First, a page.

Costa Rica’s oldest thermal spa, Tabacón Thermal Resort & Spa, is a jungle paradise. The springs are actually a series of stepped, naturally flowing waterfalls and river pools buried deep in the jungle. The springs have views of Arenal volcano on one side and Arenal Volcano National Park on the other, and while the water has a high mineral content, the sulfur content is (thankfully) low, keeping the area as fresh as the surrounding tropical flowers. Tabacón is home to mineral pools of all different shapes and sizes, from large pools with waterfalls you can hide behind to smaller, more private pools; most dips range from 72°F to 105°F, but there are also a few cold pools that provide an invigorating ice plunge.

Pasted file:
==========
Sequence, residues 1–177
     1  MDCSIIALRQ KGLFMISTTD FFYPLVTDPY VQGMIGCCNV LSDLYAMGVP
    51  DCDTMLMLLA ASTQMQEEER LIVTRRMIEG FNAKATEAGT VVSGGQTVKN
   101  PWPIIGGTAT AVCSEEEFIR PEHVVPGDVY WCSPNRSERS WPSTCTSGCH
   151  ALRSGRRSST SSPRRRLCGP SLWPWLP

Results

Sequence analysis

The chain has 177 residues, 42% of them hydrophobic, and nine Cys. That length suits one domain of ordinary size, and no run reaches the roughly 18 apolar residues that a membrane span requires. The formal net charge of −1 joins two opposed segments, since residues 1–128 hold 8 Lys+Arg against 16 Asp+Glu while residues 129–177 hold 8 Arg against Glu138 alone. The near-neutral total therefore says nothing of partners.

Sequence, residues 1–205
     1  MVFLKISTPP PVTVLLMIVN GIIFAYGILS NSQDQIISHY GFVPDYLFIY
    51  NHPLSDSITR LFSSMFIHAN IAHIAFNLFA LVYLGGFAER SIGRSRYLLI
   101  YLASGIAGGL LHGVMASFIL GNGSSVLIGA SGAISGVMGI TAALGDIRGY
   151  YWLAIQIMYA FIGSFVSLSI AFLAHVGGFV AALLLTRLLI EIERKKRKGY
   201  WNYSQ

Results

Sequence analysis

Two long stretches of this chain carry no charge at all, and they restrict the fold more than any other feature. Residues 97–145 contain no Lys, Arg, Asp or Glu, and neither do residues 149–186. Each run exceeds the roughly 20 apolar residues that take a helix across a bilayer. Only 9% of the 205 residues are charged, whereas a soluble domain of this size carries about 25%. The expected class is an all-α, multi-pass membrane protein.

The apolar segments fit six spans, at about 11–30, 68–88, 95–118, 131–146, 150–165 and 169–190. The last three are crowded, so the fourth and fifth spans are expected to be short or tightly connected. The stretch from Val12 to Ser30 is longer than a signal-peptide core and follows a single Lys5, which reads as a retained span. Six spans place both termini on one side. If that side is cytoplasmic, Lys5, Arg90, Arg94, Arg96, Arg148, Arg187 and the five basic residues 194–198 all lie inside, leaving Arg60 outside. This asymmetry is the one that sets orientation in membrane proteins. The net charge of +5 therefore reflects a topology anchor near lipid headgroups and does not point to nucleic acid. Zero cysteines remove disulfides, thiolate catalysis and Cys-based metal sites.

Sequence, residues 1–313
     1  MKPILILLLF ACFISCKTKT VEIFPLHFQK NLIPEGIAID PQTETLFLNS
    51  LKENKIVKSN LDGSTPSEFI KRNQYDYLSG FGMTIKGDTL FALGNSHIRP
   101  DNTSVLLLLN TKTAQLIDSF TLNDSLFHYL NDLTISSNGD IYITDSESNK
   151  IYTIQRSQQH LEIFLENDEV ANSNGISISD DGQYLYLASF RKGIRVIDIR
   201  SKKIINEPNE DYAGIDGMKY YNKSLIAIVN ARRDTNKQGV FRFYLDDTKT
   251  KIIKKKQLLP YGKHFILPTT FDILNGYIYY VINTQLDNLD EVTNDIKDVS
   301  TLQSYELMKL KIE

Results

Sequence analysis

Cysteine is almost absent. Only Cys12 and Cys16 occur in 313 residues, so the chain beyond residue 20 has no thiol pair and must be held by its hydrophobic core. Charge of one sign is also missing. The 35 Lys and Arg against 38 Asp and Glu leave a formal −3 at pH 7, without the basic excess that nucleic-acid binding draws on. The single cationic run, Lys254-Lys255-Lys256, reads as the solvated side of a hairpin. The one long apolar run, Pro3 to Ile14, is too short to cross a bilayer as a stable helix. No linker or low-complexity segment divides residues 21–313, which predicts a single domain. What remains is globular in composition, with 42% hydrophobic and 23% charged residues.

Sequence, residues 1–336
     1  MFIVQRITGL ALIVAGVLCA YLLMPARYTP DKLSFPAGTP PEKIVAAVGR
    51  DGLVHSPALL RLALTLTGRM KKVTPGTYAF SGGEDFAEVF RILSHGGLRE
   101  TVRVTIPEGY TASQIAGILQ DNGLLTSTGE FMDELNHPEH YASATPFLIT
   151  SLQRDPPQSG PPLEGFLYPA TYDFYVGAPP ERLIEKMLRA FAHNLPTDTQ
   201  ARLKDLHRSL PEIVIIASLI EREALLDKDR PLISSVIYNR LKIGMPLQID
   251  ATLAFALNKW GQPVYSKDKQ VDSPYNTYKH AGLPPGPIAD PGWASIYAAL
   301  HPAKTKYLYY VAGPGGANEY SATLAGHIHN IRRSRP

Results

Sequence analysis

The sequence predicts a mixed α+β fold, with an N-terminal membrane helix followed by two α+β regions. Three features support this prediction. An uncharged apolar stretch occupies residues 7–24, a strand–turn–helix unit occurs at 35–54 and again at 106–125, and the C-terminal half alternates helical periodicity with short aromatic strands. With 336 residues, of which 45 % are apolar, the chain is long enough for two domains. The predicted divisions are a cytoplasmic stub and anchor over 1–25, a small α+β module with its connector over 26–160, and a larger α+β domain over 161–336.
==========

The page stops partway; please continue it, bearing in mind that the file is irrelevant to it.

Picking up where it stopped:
Courtesy of Tabacón Hot Springs
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    3. The Banjaran Hotsprings Retreat
    3. The Banjaran Hotsprings Retreat
    Ipoh, Malaysia

    The Banjaran Hotsprings Retreat is nestled in a 22.7-acre valley and sheltered by towering Paleozoic limestone karsts. The natural hot springs resort is just a two-hour drive from Kuala Lumpur, but with each of its 45 villas—some featuring lush garden views and others perched over the neighboring lazy river—the serene sanctuary feels like a world of its own. The retreat is built around a large, emerald geothermal pond, shaded by a canopy of jungle trees, also featuring spring water dipping pools ranging from 98°C to 128°F, a waterfall, and a complex of natural caves. While the caves’ pools are too hot to bathe in, one chamber functions as a natural sauna and the others as mystical, naturally warmed meditation rooms, lounges, and even a restaurant.
    Courtesy of The Banjaran Hotsprings Retreat
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    4. Takaragawa Onsen
    4. Takaragawa Onsen
    Minakami, Japan